Nuts and bolts of a tile roof
Tile roofs are designed to be on a pitched roof that allows water to run downhill and off the roof quickly. Installation starts with the most important factor: the underlayment. The crew will start by securing a layer of underlayment at the bottom edge of the roof, and adding an overlapping layer moving upwards towards the peak of the roof. Then, they will measure and chalk lines for proper tile spacing and batten installation.
Battens are installed to lift the tile up off of the underlayment and allow water to flow properly. I would recommend getting a cost for upgraded battens, the cost isn’t usually much and it increases the life span of your roof by allowing better air and water flow.
Flashings are also installed at this time. Tile roofs should have two flashings over each pipe penetration: an aluminum and galvanized roof jack. Other common flashings used in tile roof installations are eave metal, bird stop, weather blocking, valley metal and roof to wall metal.
Have a chimney? You might need a cricket behind the chimney to help prevent water from pooling and deteriorating your roof faster in that area. If you have a room in your house that is hotter than the rest, you may want to see about adding extra vents to allow for better air movement in that part of the attic.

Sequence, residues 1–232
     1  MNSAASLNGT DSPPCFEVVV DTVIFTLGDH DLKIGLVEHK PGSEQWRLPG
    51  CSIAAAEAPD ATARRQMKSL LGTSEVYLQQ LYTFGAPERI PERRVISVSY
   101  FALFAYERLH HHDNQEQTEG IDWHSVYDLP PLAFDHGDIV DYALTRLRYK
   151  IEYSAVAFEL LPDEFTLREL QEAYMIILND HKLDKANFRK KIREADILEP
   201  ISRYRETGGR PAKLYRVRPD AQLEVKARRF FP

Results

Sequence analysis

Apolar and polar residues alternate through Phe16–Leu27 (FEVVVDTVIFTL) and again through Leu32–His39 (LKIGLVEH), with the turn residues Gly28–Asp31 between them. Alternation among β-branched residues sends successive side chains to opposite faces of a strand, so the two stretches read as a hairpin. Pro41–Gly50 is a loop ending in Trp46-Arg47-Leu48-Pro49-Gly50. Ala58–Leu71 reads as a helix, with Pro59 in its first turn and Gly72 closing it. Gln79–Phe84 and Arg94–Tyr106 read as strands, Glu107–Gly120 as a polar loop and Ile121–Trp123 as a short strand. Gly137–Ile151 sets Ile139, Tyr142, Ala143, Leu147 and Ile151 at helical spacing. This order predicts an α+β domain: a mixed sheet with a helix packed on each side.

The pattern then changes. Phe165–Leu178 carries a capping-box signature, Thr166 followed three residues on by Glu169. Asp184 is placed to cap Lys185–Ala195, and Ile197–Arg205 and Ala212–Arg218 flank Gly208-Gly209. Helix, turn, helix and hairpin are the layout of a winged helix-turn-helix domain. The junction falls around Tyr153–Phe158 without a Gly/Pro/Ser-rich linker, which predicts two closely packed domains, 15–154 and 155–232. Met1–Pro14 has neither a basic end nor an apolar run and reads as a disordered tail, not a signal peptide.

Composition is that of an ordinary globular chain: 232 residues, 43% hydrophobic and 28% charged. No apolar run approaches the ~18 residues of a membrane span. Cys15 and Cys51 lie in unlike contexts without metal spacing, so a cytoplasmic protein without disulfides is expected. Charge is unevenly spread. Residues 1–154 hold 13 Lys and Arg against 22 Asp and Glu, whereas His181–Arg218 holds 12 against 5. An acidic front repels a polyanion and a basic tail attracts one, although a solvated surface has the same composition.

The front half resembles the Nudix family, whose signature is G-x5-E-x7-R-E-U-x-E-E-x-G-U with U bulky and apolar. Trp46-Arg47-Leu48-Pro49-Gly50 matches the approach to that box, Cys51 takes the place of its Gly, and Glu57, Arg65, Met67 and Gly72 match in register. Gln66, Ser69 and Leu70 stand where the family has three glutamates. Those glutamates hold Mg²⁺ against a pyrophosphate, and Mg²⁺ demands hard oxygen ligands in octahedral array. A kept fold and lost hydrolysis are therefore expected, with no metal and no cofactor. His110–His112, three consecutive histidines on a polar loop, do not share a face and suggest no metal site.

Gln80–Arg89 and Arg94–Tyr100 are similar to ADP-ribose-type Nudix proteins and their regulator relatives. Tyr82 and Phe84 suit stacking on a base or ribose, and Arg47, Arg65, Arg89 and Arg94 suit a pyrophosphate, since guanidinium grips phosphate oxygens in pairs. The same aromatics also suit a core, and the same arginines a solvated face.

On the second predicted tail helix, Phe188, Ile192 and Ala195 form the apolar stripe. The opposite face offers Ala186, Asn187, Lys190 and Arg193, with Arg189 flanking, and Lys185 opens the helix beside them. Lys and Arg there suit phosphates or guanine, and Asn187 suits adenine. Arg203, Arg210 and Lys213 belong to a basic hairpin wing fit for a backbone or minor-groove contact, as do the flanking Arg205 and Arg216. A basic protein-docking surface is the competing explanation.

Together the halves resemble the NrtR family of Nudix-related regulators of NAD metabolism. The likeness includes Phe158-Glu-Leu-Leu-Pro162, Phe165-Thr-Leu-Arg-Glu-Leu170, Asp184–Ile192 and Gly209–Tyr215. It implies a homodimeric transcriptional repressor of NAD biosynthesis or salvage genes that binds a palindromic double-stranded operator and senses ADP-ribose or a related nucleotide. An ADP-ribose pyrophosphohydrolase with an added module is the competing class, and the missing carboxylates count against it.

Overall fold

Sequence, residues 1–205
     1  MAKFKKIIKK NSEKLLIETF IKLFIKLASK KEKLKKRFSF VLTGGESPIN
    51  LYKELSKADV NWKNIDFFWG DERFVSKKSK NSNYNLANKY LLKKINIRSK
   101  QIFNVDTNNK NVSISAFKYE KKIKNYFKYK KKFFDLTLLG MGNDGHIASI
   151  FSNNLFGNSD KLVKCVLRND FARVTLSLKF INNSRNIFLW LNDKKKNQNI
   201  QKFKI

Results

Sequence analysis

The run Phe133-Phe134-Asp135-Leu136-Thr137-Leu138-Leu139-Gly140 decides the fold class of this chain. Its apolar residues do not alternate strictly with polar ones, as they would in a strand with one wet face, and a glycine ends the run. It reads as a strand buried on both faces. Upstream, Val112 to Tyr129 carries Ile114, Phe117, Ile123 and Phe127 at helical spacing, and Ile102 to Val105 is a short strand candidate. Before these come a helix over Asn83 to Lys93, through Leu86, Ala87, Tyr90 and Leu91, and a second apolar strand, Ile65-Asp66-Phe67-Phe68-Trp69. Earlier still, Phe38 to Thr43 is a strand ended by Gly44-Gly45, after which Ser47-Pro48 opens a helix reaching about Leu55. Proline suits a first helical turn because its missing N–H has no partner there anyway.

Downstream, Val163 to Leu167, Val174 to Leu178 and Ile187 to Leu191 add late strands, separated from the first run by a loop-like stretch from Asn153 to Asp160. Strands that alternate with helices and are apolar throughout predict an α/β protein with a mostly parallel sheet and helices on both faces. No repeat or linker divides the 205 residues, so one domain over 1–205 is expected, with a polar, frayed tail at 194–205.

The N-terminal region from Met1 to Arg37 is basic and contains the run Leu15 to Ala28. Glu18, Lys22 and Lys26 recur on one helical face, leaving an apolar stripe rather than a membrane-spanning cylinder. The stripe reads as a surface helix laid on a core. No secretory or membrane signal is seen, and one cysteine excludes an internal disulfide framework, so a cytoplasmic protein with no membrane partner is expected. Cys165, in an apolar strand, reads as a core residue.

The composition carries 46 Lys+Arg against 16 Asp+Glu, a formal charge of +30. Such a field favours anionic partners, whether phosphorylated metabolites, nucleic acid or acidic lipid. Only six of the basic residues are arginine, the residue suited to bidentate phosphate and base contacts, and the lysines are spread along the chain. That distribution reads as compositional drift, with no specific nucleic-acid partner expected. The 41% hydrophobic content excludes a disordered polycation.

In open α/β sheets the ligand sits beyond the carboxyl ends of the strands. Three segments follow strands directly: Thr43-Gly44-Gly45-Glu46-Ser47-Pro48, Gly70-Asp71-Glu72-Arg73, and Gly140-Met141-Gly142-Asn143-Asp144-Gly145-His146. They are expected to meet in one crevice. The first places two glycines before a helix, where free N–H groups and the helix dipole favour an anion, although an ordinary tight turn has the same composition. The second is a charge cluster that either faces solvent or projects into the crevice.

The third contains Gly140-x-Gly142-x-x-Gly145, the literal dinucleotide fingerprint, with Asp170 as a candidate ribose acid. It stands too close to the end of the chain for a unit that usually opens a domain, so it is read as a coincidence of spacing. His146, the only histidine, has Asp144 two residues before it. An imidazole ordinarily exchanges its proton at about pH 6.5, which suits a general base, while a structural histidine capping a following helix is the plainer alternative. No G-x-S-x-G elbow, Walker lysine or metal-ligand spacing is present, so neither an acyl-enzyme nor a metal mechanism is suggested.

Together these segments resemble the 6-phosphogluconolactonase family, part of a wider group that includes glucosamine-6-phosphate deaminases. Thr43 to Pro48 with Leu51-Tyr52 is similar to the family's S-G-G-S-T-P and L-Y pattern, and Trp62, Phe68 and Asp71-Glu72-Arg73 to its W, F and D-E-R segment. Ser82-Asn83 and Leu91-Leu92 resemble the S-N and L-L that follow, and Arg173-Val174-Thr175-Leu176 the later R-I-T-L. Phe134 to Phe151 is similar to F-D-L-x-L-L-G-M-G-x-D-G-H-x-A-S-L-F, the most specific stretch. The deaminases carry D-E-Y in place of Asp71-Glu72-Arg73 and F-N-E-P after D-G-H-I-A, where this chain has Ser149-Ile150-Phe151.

For more detailed information on how to install a tile roof in Phoenix visit the TRI Concrete and Clay Roof Tile Installation website at http://tileroofing.org/resources/installation-guides/
Signs I need to replace my roof
Tile roofs are tricky; you usually can’t see a problem before it is a problem because the underlayment is hidden by the tile. If you want to prevent water damage to your home, the best thing you can do is to keep an eye on your roof with roof maintenance. At Jim Brown & Sons when you purchase a new roof system we offer yearly free roof inspection. When your roof is new, it is important to have the inspection done to identify any possible workmanship issue that might appear within the first few years. After that, we are looking for any possible problems you should avoid such as bird or rodent issues, any minor damage that may have occur from a storm or a third party contractor and roof debris such as trees or vines.
As your roof ages 10-15 years, we will look for signs of the underlayment reaching its full life expectancy so that you can prepare for a new roof when the time comes. Signs that we look for are dried out, brittle, shrinking, and curling underlayment. If you have a leak but your underlayment is in good condition we check for proper overlapping on the underlayment. If the underlayment wasn’t installed correctly, your roof can only be a few years old and need to be replaced. Just like your favorite cotton t-shirt, your roofing underlayment shrinks in the heat overtime. If not enough of an overlap was given then your roof lifespan shrinks as well.Unfortunately, this is a common occurrence in a track home built during the housing boom 2004-2009.